RBC sees room for Apple to take on another $55 billion in debt

“The Street continues to be preoccupied with Carl Icahn’s announcement Tuesday he took a ‘large stake’ in the shares and urged CEO Tim Cook to expand the company’s already record share buyback program,” Tiernan Ray reports for Barron’s.

“In contrast to some skeptical notes from Apple bulls yesterday, RBC Capital Markets’ Amit Daryanani today writes that he sees ‘plenty of potential’ for an expanded buyback program given its ratio of debt/ebitda is abnormally low at 0.3 versus tech industry average of 1.8,” Ray reports. “Daryanani, reiterating an Outperform rating, raises his price target to $525 from $475, [writes] that Apple could add another $55 billion in debt and materially boost earnings.”

Read more in the full article here.

25 Comments

  1. WTF! STFU! Apple needs to take a loan to pay these AHOLES money?? No effin way! I am a shareholder and I don’t want the Apple to take more loan to pay things that can be solved later.

    1. As eloquent as you are capable of stating your point of view, you also show your deep knowledge of high finances and what will benefit the small shareholder. Both your shares will be worth more when Apple buys back shares.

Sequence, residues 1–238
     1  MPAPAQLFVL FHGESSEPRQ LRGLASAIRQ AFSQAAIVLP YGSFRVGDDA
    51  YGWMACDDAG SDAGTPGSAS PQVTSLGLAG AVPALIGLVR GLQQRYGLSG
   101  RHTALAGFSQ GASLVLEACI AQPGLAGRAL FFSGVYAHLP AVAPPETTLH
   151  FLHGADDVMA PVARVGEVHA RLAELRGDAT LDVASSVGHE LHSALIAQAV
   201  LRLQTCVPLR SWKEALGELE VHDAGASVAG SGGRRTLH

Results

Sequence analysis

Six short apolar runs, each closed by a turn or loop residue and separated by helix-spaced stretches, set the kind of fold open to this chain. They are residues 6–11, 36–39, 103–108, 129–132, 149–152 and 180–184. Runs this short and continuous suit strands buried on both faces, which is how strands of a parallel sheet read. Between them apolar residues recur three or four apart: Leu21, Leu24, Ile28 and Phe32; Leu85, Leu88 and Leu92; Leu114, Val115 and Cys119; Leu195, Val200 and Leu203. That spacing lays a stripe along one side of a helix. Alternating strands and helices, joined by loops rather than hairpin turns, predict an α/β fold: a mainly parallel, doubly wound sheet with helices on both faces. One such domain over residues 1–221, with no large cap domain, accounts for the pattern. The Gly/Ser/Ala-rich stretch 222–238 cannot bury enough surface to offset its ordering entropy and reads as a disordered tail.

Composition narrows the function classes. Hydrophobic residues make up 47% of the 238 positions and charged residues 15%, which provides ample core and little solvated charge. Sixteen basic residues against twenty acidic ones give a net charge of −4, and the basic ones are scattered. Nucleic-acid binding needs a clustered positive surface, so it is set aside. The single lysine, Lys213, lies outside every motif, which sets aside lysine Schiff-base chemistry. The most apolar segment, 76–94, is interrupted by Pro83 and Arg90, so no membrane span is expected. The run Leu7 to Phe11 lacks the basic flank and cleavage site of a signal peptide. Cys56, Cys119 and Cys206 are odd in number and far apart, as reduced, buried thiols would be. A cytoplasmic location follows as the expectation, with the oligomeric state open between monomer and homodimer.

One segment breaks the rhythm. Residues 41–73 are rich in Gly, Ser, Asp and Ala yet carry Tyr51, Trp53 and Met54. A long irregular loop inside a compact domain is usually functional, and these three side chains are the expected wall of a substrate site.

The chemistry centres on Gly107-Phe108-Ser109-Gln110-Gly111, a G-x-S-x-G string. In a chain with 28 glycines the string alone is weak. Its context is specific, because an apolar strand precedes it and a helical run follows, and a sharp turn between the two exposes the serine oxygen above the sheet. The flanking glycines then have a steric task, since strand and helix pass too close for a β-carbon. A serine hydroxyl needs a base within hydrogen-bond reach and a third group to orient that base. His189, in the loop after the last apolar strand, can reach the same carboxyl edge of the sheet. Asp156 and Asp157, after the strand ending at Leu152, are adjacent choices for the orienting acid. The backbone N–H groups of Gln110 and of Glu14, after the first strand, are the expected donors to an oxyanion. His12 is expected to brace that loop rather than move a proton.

1. This whole buy-back fiasco is not about the small shareholder. The small shareholder who typically invests (holds) for periods of many months to many years will get their return on Apple as new products are released and Apple’s stock price goes up.

        This is about greedy, large investors who want Apple to *announce* a large buy back. The stock will — for a short period — go up dramatically. Once it is significantly up in the short term these large investors will cash out. The stock will then drop back down. These guys don’t care about the long term buyback. They want the *announcement* and the bump that will go with it.

        It’s just like the push this past spring. No long term investor has made any significant earnings on AAPL solely due to those announcements. just notice the dramatic drop the day after Apple paid its dividend. That’s not the long term, small investor cashing out. That’s the big guys saying, “I got my dividends. Time to move on.”

        Anyone who thinks Carl Icahn’s involvement is pro small investor is extremely naive at best and hopelessly foolish at worst.

  2. Steve Jobs Apple is dead people. It is just another big company pandering to the Wall Street folks who give not a damn about anything other than stripping it’s carcass for every cent they can milk out of it.

  3. These god-damn neanderthal imbecile sewer slim bandwagon AAPL anal-cysts need to be taken to the gallows and hung.

    To the all the AAPL anal-cysts who are reading MDN: SHUT THE F UP.

  4. Right, as if debt solves anything.